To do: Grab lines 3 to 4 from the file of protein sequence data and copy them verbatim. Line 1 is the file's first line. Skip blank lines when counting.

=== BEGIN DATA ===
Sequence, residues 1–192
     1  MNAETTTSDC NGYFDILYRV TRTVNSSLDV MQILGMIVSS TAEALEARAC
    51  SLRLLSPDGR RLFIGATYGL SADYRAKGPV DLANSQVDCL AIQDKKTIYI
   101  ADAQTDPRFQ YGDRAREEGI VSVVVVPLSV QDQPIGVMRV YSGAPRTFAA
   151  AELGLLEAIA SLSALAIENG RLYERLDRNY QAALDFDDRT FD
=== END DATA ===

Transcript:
    51  SLRLLSPDGR RLFIGATYGL SADYRAKGPV DLANSQVDCL AIQDKKTIYI
   101  ADAQTDPRFQ YGDRAREEGI VSVVVVPLSV QDQPIGVMRV YSGAPRTFAA